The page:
Parenting and Education: who’s job is it any way?


Education vs Experience
Education vs Experience

Good parenting is probably the most important job in the world however; there are many other aspects involved in the process of raising children, not least the formal education element.

Parents (and teachers) appear to be getting younger, yet all those organisations, agencies and individuals responsible for providing the support and  ‘experience’ element of the educational process, often abandon the parents and teachers. They leave them to get on with the hard job of raising our future generations and then simply vilify them when it all goes wrong. That can’t be right, can it?

But added to the education process there are also a myriad of differing social factors impacting upon our children during their formative years. I’ve voiced my concerns about the current UK education system before (see here) but the question still remains; how do we address all the other problems which create failure in the process of parenting and education?

Parents have the most important job in the world. Bringing up the next generation is a tremendous task. The amazing thing is not how many make a complete dog’s breakfast of it, but how many children grow up to be decent, healthy, hard-working responsible adults, who also remember their manners, wash behind their ears and are kind to old ladies…(Sharon Griffiths – Darlington & Stockton Times)

With numerous conflicting reports, suspect statistics and ‘interest’ groups, professional or social, all impacting upon the process, it’s difficult to effectively and fully understand and address all the issues. How many of those ‘failures’ are actual or perceived? How ever we wish to quantify and/or evidence the overall subject; many of those ‘failures’ appear to be in the ascendant. But could this all be as a result of our media methodology?

I don’t often agree with the author Owen Jones, but he had a point when he penned the title of his book Chavs: The Demonization of the Working Class. But, as Griffiths points out (above), for every youngster in our feral underclass and feckless society, there are many more well-educated and well-balanced kids, all destined to be valuable members of our society.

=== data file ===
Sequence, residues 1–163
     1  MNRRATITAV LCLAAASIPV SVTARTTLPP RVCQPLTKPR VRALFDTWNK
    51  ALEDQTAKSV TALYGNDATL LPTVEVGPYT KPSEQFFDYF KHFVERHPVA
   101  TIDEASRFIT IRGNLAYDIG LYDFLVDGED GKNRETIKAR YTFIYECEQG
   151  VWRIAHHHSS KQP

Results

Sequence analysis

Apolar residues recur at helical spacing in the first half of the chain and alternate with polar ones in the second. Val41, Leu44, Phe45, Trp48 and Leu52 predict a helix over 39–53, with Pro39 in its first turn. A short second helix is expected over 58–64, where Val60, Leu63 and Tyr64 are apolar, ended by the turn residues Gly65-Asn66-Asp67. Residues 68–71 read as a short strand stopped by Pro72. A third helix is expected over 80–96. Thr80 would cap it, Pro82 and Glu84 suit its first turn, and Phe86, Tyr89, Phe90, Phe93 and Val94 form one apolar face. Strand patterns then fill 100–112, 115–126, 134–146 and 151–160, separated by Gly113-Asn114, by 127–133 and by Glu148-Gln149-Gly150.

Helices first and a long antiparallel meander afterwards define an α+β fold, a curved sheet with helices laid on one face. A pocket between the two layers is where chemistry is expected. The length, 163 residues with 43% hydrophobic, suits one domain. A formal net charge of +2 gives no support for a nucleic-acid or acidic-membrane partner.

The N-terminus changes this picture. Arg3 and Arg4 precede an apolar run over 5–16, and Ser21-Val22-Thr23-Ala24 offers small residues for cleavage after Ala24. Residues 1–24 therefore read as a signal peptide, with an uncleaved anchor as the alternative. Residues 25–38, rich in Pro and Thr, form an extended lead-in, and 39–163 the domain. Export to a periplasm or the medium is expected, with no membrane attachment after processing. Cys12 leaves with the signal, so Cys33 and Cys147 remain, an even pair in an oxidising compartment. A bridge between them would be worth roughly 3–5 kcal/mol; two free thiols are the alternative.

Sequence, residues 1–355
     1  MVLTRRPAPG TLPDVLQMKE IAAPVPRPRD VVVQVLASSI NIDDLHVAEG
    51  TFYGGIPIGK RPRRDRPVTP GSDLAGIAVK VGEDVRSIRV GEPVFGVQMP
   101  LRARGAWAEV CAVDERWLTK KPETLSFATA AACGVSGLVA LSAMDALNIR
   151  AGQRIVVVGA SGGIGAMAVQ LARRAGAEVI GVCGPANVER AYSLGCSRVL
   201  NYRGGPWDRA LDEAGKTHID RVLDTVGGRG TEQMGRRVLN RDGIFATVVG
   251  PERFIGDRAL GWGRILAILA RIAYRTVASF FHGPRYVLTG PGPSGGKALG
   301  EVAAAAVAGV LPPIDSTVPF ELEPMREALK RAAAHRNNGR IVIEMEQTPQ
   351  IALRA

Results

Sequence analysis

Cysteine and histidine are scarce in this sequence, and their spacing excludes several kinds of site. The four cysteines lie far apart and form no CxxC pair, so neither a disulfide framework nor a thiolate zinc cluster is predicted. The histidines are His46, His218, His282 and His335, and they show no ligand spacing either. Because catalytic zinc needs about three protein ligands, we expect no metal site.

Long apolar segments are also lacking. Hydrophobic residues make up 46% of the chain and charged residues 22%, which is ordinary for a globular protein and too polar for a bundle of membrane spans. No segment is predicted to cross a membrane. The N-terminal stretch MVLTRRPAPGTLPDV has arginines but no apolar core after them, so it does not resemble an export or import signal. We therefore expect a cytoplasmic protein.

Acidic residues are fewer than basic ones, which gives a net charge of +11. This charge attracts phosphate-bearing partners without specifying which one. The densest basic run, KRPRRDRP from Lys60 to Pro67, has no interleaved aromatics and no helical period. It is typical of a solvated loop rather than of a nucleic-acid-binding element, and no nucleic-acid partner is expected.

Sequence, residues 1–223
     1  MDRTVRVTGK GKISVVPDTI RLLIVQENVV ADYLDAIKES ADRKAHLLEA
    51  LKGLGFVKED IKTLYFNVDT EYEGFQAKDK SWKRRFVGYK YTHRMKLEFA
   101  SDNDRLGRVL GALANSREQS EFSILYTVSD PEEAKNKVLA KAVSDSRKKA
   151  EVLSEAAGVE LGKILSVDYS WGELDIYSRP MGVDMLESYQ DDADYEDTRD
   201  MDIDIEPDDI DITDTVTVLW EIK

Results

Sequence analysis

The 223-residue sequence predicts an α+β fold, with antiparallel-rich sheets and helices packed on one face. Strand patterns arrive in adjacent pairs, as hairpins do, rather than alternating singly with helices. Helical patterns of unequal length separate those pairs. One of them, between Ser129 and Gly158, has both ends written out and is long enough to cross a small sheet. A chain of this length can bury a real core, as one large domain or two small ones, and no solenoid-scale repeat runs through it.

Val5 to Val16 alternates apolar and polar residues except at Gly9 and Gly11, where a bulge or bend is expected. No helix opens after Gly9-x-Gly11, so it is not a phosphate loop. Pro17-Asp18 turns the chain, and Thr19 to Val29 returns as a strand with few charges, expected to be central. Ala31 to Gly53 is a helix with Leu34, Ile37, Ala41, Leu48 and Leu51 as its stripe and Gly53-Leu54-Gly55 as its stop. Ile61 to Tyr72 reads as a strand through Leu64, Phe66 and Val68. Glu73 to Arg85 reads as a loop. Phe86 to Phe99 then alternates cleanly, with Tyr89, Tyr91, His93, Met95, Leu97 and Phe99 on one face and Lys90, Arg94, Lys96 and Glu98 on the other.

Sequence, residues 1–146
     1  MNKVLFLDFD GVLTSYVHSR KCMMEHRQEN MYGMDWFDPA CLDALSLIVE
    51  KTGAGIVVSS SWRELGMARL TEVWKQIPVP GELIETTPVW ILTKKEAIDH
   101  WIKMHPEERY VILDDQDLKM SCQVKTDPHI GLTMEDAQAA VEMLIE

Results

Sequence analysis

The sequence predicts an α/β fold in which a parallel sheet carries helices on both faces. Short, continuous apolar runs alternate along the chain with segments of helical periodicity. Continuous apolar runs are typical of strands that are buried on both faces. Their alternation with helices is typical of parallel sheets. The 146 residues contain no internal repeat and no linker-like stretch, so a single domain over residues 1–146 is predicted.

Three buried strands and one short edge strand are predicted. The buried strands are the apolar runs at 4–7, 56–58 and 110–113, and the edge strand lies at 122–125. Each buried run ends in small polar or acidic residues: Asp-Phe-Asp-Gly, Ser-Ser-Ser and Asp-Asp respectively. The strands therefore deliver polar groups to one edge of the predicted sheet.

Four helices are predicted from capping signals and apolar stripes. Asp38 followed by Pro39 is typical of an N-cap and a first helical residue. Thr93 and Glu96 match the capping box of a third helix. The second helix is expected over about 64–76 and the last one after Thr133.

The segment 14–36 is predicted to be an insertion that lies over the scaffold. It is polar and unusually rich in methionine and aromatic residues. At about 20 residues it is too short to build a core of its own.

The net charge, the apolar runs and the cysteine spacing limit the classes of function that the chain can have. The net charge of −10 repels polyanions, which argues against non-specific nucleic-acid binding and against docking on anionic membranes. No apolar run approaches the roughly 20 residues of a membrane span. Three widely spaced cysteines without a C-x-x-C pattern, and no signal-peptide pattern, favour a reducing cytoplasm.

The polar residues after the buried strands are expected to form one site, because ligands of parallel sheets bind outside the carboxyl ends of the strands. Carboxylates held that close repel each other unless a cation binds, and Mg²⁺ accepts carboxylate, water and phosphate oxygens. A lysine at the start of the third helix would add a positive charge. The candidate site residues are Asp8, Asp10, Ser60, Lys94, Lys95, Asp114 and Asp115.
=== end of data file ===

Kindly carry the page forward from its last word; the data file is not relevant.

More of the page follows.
The Department for Education are now (belatedly) looking at ways to combat the problems in our schools. Arguably and in my opinion it is their mess, theirs and the legacy of numerous political predecessors. Decades of interference in education process, dumbing down of standards and politically motivated social engineering, have all led to the problems we see today.

The constant, often politically motivated, drive to give children the same rights, expectations and choices we afford to adults has failed in many respects. It failed because we’ve expected our children to make all the right moves, without the necessary academic and social maturity or guidance. How can we expect them to positively and fully gain from those variables, without all of the above? But as a society, we also fill them with false or unrealistic expectations for their future. For every one that makes it as a ‘celebrity’ of some form or other, there are thousands of utterly despondent failures!

We then proceed to compound their ultimate disappointment, when they fail to achieve their desires, by giving them the tools to build on their expected goals. Is it any wonder that so many ultimately disengage with the whole process? It’s even more worrying when you consider the ever decreasing age at which our children disengage (or are excluded) from the educational process.

I hate using business speak and buzzword bollocks but many of the problems come from the way in which we operate and think in the public sector, education is no different. We need a more holistic approach to the problem, instead of our prevalent silo mentality..

We may espouse all the right stories, with all the popular (and PC) terminology. We continually ensure that all our research and consultation is carried out to the nth degree, by people with academically evidenced qualifications. We publish tomes of directives, advice and guidance however; our ever-increasing silo thinking about the issues requiring more a more holistic approach often negate the whole process. All those organisations, agencies and individuals involved in the overall process simply hide behind departmental remits and protocols. Often for financial reasons and sometimes, artificial budgetary constraint.

Often there’s very little understanding of the end ‘product’ or ‘customer’ requirements in the whole ‘business’ process. A process that often results in impacts upon the needs and wellbeing of human beings and not, the inanimate objects that are tagged with a production cost value. But also, we now live in a blame culture society of slope shouldered responsibility.

Very few people or organisations and agencies are prepared to go that extra mile to provide true service. We shy away from taking on anything not within our personal or organisational remit. We lack the ability to look outside our small and self-interested work/life bubbles and consider; what is the impact of what I am doing on others?

From this September, for the first time ever, new trainee teachers will be allowed to do some of their teacher training in Pupil Referral Units, where children excluded from mainstream education are taught. They will be able to develop key skills in managing disruptive behaviour (see here).

One step in the right direction perhaps but still probably wofully short of the mark and I suspect, mostly hot air of political rhetoric… We will see?

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